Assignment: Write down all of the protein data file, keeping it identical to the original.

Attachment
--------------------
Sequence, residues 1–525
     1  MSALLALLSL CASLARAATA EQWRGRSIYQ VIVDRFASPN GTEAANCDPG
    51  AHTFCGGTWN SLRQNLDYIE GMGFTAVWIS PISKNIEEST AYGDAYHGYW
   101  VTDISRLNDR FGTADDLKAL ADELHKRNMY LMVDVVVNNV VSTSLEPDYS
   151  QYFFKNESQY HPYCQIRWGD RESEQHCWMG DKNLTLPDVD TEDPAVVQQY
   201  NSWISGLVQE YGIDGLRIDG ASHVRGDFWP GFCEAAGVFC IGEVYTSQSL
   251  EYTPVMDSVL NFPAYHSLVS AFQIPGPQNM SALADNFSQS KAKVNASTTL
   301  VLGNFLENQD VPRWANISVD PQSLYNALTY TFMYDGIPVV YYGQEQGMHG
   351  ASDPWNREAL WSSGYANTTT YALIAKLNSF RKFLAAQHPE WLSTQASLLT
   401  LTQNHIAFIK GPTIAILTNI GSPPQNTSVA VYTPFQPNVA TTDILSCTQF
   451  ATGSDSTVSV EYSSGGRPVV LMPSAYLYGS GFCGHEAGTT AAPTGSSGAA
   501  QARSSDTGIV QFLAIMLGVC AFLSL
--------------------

Sequence, residues 1–525
     1  MSALLALLSL CASLARAATA EQWRGRSIYQ VIVDRFASPN GTEAANCDPG
    51  AHTFCGGTWN SLRQNLDYIE GMGFTAVWIS PISKNIEEST AYGDAYHGYW
   101  VTDISRLNDR FGTADDLKAL ADELHKRNMY LMVDVVVNNV VSTSLEPDYS
   151  QYFFKNESQY HPYCQIRWGD RESEQHCWMG DKNLTLPDVD TEDPAVVQQY
   201  NSWISGLVQE YGIDGLRIDG ASHVRGDFWP GFCEAAGVFC IGEVYTSQSL
   251  EYTPVMDSVL NFPAYHSLVS AFQIPGPQNM SALADNFSQS KAKVNASTTL
   301  VLGNFLENQD VPRWANISVD PQSLYNALTY TFMYDGIPVV YYGQEQGMHG
   351  ASDPWNREAL WSSGYANTTT YALIAKLNSF RKFLAAQHPE WLSTQASLLT
   401  LTQNHIAFIK GPTIAILTNI GSPPQNTSVA VYTPFQPNVA TTDILSCTQF
   451  ATGSDSTVSV EYSSGGRPVV LMPSAYLYGS GFCGHEAGTT AAPTGSSGAA
   501  QARSSDTGIV QFLAIMLGVC AFLSL